I've dreamt in my life dreams that have stayed with me ever after, and changed my ideas: they've gone through and through me, like wine through water, and altered the color of my mind.
Emily Bronte
Wuthering Heights

maandag 23 januari 2012

Failures: Spinsters & Old Maids in Victorian England

The proper purpose of a Victorian woman’s life, of whatever class, was to marry suitably. It was not essential for the marriage to be happy, but marriage in itself was, “the crown and joy of a woman’s life – what we were born for.” A woman who did not marry became a spinster, old maid or maiden aunt, a figure of fun, pity and derision. The Victorians became particularly exercised about redundant women after the 1851 Census showed that there were nearly 1.5 million spinsters, aged between about 20 and 40, and 350,000 old maids over 40. In the 1851 Census, there were 104 women for every 100 men in England and Wales. Victorian England was also about the British Empire. Although, as now, more men wore born than women, boys were more likely to die than girls in childhood, and men more likely than woman to die young. Men emigrated, to the old and new commonwealth, America, Canada, New Zealand, Australia, India and other places in the British Empire. For every woman who emigrated, three men did so. Men also served time abroad either as colonial administrators or as soldiers. There was an increasing tendency for middle and upper class men to marry later. Between about 1840 and 1870, the average age at marriage for middle and upper class men was 30. At the age of 30, however, a spinster was definitely past her sell-by date.

Life for the Victorian Spinster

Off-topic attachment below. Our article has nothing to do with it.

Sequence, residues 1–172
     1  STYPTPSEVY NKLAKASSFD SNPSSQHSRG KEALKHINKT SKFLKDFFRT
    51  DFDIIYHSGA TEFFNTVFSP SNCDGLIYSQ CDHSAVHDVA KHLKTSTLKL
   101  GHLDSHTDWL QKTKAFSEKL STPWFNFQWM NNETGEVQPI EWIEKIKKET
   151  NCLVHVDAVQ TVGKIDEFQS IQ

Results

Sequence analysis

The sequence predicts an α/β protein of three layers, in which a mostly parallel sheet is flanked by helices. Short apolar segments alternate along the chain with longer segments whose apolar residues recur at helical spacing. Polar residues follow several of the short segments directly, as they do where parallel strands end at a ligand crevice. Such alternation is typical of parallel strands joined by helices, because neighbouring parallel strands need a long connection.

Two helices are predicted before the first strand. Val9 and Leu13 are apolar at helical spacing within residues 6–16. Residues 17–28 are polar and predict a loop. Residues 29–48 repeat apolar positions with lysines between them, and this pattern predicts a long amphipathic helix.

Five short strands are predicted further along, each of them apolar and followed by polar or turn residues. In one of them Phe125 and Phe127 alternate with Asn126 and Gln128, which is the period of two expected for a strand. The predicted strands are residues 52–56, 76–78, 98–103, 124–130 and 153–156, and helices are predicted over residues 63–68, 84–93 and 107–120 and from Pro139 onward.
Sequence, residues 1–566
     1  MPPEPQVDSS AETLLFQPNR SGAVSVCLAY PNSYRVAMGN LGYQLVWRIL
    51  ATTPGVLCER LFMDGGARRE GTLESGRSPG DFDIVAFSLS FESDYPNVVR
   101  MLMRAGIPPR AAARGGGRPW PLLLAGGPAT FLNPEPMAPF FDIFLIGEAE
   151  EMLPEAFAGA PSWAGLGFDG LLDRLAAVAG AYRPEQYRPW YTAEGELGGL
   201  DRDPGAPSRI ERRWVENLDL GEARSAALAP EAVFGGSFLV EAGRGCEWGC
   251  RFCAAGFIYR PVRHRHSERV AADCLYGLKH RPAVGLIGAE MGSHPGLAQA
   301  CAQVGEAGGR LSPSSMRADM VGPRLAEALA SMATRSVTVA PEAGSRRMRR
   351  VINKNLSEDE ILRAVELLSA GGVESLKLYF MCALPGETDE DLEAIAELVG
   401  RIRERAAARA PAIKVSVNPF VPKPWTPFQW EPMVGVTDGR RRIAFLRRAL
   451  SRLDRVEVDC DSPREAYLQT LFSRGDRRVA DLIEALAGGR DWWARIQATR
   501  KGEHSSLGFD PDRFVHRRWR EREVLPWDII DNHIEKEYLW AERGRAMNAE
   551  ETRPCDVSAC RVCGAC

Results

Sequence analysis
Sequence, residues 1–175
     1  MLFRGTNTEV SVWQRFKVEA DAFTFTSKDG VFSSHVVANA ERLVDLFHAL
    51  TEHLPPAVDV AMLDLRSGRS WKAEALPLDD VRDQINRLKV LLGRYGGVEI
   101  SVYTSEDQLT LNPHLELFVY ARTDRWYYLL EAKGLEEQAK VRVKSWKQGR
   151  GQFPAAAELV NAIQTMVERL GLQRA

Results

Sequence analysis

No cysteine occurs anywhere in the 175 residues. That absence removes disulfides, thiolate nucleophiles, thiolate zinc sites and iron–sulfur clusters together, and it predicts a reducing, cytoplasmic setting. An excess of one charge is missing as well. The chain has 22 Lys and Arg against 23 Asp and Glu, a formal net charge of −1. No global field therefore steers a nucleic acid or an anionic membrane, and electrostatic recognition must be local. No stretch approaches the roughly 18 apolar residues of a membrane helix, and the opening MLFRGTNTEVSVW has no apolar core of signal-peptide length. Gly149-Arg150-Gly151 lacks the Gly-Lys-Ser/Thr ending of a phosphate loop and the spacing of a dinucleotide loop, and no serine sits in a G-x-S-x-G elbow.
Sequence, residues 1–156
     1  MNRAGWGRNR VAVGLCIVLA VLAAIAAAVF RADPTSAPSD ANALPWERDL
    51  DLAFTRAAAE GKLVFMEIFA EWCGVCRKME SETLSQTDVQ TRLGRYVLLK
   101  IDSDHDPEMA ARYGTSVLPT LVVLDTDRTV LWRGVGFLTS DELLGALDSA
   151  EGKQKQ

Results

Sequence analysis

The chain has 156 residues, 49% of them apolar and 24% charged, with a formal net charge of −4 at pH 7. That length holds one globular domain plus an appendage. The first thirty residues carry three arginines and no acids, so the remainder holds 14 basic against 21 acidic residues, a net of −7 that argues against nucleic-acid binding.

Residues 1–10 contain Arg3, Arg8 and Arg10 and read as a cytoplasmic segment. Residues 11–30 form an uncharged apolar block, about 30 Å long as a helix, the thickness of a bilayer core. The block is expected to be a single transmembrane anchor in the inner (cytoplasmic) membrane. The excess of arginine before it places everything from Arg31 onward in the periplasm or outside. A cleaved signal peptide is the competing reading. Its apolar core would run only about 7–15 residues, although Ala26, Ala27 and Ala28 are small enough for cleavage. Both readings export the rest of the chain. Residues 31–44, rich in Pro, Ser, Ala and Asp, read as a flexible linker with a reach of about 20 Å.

About the only respectable forms of employment that any middle or upper class Victorian spinster could undertake were as a teacher, a governess, or a companion. Many couples with large families liked to keep an unmarried daughter at home to tend to their every whim and care for them in their old age. Although often obliged to do so, the unmarried stay at home daughter was nevertheless incomplete. She’d failed to undertake her primary duty, to be a wife and mother. Many women who didn’t marry in Victorian England lived first in their parents’ house, and when their parents died, in the house of a brother or nephew. Although such women tended to work extremely hard, provided a useful second mother and unpaid housekeeper, they were undervalued. Although until the Married Woman’s Property Act in 1868 a wife had no separate legal existence from her husband, and did not own property unless he chose to allow her to do so, nevertheless a married woman had a social status and respect that her single sister would always struggle to achieve. An individual spinster or old maid could be pitied and patronised. As a group, spinsters were damaging to society, and redundant. Although it was rarely mentioned specifically, there was a general view that celibacy in women was unnatural. Of course, an old maid or a spinster was according to social norms considered to be a virgin. That was unnatural, and a waste. Edward Gibbon talked about single English women as, “growing thin, pale, listless and cross”. Thackeray described Charlotte Brontë as, “a noble heart longing to mate itself and destined to wither away into old maidenhood”. John Stewart Mill argued against the spinster stereotype and said that the problem was that women were badly educated. Many, such as WR Gregg, urged that single women be almost obliged to emigrate. WR Gregg went on to discuss the semi forced emigration of women that he proposed. England must restore by an emigration women that natural proportion between the sexes in the old country and in the new one, which was disturbed by an emigration of men, and the disturbance of which has wrought so much mischief in both lands.